How Plume Handled Billions of Operations Per Day Despite an AWS Zone Outage
Enterprises deploy YugabyteDB clusters across multiple availability zones (AZs) in order to ensure continuous availability of their business-critical services even when faced with cloud infrastructure failures like zone outages. On November 12, 2019, there was one such outage of an entire availability zone in the eu-central-1 region of AWS. This was reported on the AWS status page on that day, along with an official update.
In this post, we are going to look at how a Yugabyte Platform customer, Plume, survived this recent AZ outage without any application impact. We’ll also dive into how the incident played out in their environment, and what had to be done to recover from the outage.
What’s Plume? Plume enables ISPs to offer smart home and related services to their customers. Its platform powers millions of smart homes that generate over 27 Billion operations per day served by YugabyteDB.
How the AWS outage played out for Plume
12:07am PST: Although Plume’s operations team was already aware of the AZ failure, Yugabyte Platform alerted them based on pre-configured monitors. This was even before the AWS status page was updated!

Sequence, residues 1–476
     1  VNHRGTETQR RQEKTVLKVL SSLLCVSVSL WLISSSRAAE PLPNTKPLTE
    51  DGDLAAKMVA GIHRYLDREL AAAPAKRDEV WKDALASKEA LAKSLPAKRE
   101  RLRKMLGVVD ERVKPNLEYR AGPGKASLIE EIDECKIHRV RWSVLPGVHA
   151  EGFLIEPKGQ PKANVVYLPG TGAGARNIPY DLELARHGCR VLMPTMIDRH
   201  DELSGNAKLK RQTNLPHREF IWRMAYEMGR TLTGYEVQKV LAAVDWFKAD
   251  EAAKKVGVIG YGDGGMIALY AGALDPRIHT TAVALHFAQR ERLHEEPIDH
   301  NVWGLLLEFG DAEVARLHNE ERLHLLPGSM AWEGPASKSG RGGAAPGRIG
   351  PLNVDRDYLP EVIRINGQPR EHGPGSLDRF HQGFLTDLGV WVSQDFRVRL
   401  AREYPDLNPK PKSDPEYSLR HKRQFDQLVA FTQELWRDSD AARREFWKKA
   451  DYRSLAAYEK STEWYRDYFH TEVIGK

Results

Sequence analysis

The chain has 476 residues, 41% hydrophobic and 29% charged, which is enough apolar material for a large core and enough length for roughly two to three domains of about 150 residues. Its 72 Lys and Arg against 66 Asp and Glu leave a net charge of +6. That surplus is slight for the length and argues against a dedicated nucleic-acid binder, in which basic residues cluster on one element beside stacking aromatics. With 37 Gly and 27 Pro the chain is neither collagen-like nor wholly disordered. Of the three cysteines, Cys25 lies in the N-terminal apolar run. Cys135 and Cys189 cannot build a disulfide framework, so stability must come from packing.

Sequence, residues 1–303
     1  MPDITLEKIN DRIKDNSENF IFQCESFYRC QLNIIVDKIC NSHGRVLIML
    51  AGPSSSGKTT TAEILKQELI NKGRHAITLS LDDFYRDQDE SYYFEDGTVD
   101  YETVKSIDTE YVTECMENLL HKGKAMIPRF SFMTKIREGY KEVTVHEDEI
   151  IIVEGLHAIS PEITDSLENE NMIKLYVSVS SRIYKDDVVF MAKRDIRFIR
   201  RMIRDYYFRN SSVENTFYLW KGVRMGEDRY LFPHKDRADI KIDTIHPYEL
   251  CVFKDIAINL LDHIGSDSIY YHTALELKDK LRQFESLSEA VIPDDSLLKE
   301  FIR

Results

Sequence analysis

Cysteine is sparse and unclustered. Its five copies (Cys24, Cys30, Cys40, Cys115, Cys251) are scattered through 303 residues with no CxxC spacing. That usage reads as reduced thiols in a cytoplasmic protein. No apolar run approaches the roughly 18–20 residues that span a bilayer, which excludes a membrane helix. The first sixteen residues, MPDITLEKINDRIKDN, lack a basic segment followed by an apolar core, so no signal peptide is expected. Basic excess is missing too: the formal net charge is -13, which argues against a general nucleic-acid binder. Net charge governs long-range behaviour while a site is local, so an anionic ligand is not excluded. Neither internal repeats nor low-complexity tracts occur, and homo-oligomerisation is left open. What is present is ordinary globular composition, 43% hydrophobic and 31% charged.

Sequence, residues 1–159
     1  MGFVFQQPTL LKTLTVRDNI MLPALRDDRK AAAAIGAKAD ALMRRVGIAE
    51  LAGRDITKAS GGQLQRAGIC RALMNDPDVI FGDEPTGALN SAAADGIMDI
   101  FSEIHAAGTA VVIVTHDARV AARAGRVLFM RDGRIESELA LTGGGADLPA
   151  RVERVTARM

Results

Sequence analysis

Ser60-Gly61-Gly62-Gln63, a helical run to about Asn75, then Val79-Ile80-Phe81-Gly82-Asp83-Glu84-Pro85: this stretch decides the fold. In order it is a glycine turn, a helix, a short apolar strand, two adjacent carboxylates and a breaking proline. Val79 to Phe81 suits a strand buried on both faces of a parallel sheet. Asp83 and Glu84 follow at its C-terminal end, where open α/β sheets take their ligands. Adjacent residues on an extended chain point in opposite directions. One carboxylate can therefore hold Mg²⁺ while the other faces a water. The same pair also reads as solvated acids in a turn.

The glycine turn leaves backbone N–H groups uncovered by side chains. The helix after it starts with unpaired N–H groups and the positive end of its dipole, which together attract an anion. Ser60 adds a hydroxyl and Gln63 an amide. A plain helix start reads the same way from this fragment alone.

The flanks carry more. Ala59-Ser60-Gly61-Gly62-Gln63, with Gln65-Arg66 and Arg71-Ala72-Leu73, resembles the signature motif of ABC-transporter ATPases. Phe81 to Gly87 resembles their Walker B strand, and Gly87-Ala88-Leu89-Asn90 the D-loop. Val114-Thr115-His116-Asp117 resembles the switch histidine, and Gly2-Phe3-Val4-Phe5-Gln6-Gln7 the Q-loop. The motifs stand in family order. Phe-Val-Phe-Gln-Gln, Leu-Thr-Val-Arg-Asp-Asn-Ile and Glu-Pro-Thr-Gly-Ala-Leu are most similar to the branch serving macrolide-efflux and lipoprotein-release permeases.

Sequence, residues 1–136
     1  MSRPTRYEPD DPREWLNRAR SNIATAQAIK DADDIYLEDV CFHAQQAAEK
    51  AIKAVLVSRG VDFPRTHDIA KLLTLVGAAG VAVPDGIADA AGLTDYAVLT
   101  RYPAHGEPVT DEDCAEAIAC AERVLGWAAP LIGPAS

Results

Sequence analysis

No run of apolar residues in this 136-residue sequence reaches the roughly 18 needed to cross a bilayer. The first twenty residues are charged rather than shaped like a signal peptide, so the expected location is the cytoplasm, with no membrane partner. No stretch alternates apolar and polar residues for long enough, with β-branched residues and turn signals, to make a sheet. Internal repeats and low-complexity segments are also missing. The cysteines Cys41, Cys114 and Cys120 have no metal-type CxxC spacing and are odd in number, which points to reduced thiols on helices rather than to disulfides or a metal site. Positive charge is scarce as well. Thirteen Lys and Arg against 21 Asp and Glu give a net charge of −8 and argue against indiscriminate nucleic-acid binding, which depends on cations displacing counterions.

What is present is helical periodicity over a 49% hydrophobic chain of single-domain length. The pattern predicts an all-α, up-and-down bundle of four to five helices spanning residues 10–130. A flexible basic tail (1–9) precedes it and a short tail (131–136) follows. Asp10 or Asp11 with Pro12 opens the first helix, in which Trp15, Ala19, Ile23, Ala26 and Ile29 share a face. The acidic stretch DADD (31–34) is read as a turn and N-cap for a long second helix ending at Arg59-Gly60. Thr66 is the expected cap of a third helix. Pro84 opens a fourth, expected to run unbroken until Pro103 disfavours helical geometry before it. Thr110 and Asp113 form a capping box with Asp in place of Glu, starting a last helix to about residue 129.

12:16am PST: About 30 minutes after the first alerts were fired, the AWS status page was finally updated to reflect the outage.
1:04am PST: Yugabyte support team gets on a call with Plume to review the status of the database clusters. Plume confirmed that multiple clusters had simultaneously lost all the nodes present in the zone that experienced the outage. Since all of these clusters were multi-AZ deployments, the database itself was not affected by the outage in terms of serving reads/writes and data consistency.
Around this time, the network connectivity of the instances was mostly restored. However, this did not immediately lead to normal status across all clusters.
- The clusters running on local attached disks (instances of the i3 type) recovered automatically once the AZ failure was fixed by AWS.
- The clusters running on nodes with EBS volumes (instances of the c5 type) were still experiencing issues because the impact to this service was not yet resolved.
AWS posted an update about this only an hour later at 2:15am PST.
2:30am PST: The issue with EBS volumes seem to have been fixed on the AWS side. However, not all instances recovered fully, the unhealthy instances were automatically flagged by the Yugabyte Platform. Upon digging deeper, the following surfaced:
- One node with EBS disks had recovered but the disk itself was not mounted, and hence this node was not a part of the cluster. Since the number of nodes operational was lower than the number of nodes desired, Yugabyte Platform triggered a new alert. Mounting the disk had to be done manually, after which the automatic re-replication of data in YugabyteDB brought the cluster back to normalcy.
- Another node was not reachable via ssh even though the AWS console showed it to be healthy. But by this point, all of the data in this unreachable node was already safely replicated to the other nodes in that AZ. With just a couple of button clicks from the Platform UI, the unresponsive node was decommissioned and replaced with a newly provisioned one. Once again, the cluster automatically rebalanced itself fully soon after.